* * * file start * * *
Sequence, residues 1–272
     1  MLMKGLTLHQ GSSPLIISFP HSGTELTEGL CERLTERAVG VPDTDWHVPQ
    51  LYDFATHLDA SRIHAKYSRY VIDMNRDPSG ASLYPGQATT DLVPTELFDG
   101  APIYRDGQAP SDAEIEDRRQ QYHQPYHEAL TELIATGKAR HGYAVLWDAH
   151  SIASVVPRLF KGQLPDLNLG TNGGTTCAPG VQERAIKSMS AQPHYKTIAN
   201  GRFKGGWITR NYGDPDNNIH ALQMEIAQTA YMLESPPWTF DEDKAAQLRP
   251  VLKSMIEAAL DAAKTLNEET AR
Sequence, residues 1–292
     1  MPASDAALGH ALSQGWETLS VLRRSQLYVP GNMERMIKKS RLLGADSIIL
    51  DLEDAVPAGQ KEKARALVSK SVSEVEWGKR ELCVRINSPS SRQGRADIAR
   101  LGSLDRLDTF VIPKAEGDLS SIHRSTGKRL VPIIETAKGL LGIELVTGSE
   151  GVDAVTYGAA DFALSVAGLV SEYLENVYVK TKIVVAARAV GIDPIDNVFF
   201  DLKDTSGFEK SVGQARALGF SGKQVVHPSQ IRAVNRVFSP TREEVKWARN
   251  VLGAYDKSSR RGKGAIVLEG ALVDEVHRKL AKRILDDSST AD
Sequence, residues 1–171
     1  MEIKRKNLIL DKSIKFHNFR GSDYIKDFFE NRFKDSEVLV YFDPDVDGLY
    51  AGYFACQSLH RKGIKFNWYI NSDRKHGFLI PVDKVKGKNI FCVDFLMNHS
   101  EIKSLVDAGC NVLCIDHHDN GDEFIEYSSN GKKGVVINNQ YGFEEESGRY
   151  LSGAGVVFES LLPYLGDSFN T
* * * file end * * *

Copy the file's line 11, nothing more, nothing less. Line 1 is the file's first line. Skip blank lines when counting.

   101  LGSLDRLDTF VIPKAEGDLS SIHRSTGKRL VPIIETAKGL LGIELVTGSE